The window of opportunity to take advantage of the Paycheck Protection Program (PPP) has closed, but considerations for the program, particularly around its most appealing benefit, remain.
First established in March 2020 through the Coronavirus Aid, Relief, and Economic Security (CARES) Act, the PPP helped organizations managing the repercussions of the COVID-19 disruption by providing funds to support payroll costs. The 2020 year-end Consolidated Appropriations Act extended the program into 2021 with some modifications, loans from which are sometimes referred to as the PPP2. In March, the Small Business Administration (SBA) pushed the final application date for the PPP2 even further into the second quarter. As funds for the PPP2 dwindled in May, the SBA limited the last of the proceeds to participating community financial institutions.
A key benefit to the PPP was the fact that loans could be forgiven. As of, the SBA has forgiven $279.4 billion of the $521.2 billion in 2020 PPP loans it distributed. If you haven’t heard about the status of your PPP loan, or if your organization is among the 1.7 million recipients who have not yet submitted their PPP loan forgiveness application, this refresher on the SBA’s review and approval process may be helpful.
Brief Refresher on Loan Forgiveness Requirements
PPP loan recipients should qualify for loan forgiveness if they met certain requirements during the eight to 24 weeks after the PPP loan disbursement — the Covered Period. These include maintaining employee and compensation levels and spending at least 60% of the loan on eligible expenses (namely payroll-related).
Recipients must apply for loan forgiveness within 10 months after the last day of the Covered Period end date or the loan has to be repaid in full. If not submitted by that time, applicants must begin making loan payments to the PPP lender after the one-year grace period.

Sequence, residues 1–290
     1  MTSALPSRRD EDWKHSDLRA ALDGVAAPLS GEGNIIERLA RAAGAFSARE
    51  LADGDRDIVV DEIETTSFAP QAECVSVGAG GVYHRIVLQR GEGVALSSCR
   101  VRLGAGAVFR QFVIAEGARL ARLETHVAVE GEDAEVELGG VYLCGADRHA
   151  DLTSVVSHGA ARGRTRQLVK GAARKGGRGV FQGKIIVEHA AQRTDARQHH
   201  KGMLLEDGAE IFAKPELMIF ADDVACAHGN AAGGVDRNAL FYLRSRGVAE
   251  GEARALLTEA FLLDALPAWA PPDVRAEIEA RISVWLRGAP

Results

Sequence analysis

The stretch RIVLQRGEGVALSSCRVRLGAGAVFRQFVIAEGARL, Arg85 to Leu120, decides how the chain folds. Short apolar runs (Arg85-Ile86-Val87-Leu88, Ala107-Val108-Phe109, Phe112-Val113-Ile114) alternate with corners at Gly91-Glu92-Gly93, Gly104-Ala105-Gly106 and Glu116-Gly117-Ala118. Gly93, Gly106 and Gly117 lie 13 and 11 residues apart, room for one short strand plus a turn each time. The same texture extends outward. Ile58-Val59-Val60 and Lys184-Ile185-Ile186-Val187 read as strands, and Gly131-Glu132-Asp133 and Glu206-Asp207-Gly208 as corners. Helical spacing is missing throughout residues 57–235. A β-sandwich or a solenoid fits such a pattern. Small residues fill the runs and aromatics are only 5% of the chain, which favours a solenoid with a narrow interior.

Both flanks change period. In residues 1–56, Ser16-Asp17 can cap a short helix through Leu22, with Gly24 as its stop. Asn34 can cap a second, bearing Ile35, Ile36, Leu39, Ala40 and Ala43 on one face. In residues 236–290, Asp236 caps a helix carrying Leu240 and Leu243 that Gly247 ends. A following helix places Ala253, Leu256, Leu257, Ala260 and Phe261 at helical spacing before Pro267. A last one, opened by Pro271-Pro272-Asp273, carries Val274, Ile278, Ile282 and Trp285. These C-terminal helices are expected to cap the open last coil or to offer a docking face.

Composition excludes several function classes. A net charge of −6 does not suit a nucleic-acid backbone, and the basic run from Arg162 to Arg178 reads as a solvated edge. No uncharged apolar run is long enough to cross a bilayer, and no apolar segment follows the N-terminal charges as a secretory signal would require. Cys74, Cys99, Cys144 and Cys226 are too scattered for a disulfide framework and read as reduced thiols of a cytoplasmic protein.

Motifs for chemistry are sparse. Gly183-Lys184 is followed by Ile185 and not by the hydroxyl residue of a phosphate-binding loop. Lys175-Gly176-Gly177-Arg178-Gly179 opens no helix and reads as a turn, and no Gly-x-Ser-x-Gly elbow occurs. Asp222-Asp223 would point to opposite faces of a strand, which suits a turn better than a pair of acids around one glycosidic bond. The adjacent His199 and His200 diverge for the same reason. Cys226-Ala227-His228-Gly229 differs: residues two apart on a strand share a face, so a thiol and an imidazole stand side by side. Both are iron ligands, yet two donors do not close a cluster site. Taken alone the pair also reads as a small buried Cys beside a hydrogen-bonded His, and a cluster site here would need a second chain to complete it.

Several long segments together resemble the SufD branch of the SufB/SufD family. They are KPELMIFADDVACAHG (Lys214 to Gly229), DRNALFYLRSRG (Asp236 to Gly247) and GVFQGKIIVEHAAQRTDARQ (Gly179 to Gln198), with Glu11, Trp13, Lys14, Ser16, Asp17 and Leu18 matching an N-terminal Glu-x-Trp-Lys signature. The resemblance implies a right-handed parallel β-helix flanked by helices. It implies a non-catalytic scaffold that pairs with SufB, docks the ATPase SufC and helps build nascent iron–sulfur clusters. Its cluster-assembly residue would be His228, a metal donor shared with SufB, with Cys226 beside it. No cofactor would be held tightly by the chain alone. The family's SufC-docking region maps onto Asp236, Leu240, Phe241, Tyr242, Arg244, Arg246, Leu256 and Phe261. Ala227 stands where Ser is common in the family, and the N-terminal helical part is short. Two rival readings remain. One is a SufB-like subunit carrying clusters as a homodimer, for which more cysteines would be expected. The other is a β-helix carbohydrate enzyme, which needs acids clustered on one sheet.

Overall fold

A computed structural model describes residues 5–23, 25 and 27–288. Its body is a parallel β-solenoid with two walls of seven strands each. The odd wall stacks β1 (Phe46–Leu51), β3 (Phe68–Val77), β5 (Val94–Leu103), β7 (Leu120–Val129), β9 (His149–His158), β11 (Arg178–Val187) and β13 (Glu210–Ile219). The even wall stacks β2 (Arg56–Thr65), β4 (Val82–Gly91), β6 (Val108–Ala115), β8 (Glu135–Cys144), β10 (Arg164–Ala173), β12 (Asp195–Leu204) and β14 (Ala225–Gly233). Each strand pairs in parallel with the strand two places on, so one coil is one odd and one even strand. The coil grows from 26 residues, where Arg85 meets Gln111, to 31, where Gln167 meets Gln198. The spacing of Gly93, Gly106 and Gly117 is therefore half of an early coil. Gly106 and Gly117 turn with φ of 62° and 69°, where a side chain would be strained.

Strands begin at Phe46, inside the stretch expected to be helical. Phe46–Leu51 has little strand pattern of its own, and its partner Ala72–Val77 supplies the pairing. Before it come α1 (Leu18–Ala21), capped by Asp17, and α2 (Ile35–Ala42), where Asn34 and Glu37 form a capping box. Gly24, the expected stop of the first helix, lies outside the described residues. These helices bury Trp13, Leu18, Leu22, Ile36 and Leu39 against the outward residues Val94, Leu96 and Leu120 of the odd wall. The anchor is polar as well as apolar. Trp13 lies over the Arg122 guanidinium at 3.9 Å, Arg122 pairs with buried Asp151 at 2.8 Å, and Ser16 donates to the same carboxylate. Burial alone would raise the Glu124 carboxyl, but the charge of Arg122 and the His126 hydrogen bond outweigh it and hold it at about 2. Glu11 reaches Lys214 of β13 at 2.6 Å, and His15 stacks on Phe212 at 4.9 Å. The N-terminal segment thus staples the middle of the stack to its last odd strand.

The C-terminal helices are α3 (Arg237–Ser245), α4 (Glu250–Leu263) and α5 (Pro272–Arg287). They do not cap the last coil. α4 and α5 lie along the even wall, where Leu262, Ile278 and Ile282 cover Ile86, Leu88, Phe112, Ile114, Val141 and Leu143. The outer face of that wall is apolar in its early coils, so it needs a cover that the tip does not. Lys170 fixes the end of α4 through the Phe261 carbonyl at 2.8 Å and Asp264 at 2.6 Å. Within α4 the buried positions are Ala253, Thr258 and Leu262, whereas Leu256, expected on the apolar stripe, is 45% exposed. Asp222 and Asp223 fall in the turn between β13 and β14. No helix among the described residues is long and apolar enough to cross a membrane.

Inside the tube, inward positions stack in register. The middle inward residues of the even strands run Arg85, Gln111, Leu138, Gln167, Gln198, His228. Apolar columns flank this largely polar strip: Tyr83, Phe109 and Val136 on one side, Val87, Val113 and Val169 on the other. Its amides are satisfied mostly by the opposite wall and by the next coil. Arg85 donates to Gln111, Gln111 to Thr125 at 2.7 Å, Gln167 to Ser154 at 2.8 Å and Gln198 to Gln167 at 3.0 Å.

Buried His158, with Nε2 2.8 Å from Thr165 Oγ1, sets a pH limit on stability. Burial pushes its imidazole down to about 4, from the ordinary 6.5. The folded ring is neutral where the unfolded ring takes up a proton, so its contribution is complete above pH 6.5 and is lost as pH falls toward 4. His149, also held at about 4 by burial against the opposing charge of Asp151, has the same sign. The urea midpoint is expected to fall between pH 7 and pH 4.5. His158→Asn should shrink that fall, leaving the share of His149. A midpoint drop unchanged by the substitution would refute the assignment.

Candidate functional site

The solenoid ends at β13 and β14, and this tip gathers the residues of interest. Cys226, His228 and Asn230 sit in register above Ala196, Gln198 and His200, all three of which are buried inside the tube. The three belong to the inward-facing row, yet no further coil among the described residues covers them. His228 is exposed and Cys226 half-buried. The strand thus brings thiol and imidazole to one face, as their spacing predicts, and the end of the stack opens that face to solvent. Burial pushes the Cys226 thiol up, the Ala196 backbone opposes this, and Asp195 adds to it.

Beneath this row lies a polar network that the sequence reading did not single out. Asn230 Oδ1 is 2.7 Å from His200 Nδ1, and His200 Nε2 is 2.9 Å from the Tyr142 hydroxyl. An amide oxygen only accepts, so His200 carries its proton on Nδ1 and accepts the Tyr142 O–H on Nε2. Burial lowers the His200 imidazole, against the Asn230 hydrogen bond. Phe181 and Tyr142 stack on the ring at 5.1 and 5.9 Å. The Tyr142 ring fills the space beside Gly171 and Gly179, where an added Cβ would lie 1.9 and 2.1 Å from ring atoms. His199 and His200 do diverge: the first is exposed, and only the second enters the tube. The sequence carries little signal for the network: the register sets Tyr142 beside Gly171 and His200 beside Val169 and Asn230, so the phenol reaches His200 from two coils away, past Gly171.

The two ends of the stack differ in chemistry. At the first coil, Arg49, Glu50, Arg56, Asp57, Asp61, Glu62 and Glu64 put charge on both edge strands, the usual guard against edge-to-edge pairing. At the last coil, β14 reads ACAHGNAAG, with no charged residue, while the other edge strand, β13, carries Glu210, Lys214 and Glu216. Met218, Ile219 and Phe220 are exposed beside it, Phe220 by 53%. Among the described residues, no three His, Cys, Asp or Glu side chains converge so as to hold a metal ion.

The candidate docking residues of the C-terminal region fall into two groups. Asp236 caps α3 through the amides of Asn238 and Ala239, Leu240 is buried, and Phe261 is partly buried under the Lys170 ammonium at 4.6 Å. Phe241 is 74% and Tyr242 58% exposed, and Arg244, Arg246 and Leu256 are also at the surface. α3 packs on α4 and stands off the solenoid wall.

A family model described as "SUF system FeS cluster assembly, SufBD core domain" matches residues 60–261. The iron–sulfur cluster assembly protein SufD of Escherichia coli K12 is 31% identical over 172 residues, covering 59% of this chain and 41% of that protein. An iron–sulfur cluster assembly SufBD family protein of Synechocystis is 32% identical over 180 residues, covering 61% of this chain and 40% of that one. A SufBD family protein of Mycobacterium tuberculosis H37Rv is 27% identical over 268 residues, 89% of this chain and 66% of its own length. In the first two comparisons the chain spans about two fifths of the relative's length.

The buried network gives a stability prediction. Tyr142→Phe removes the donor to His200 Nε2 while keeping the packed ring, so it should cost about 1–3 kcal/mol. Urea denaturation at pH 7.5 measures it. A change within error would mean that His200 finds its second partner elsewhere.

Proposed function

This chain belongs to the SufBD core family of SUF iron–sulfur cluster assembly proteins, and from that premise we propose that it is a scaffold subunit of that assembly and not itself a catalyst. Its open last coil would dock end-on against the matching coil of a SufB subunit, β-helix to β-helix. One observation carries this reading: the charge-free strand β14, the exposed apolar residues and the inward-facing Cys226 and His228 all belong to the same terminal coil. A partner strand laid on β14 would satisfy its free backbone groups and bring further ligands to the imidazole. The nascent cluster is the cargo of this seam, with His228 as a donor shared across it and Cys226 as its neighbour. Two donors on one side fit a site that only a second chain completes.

Those whose loans are $150,000 or less can apply for loan forgiveness using the simplified one-page SBA Form 3508S and will not be required to submit additional documentation to substantiate how the loan proceeds were spent. If your loan was more than $150,000, you will need to fill out one of two applications: the PPP EZ Loan Forgiveness Application (SBA Form 3508EZ) or the PPP Loan Forgiveness Application (SBA Form 3508), depending on factors such as employee retention.
The Likelihood of Forgiveness and the History Around PPP Loan Scrutiny
When the PPP loans were first made available last year, the initial funding ran out within two weeks. Questions arose about how the funding was depleted so quickly. Soon after, it was found that large businesses, including national chains, had been taking advantage of the initial funding that was designed for smaller businesses.
To ensure funding went to smaller businesses, the SBA and U.S. Department of Treasury announced in April 2020 that they would review PPP loans of $2 million or more to ensure that the applicants met the program qualifications. PPP borrowers with loans of $2 million or more must undergo the additional review by completing the PPP Loan Necessity Questionnaire (SBA Form 3509) along with the loan forgiveness application. This questionnaire is intended to help gather additional information and ensure that the loan was necessary in a time of economic uncertainty at the time of application.
The additional diligence on large PPP loans from the SBA has put roughly $81.5 billion in PPP loan proceeds into the review process (as of May 31). It may be also one of the reasons why loan recipients and their lenders are taking their time with the loan forgiveness application process. The number of applications not yet received by the SBA account for more than 20% of the total PPP loans distributed in 2020 (~$159.1 billion).
What to Do if Your Loan Isn’t Forgiven
About $1 billion of PPP loans have not been forgiven to date. If your organization’s loan is not forgiven, you will have to start making payments. PPP loans accrue interest at 1% and may be subject to additional accounting and tax considerations.
Accounting and tax providers are available to help you navigate the loan forgiveness process and plan for ramifications of PPP loan payments.
For More Information
Jake McDonald is a Director in the Philadelphia office. He can be reached at 610-862-2202 or firstname.lastname@example.org.
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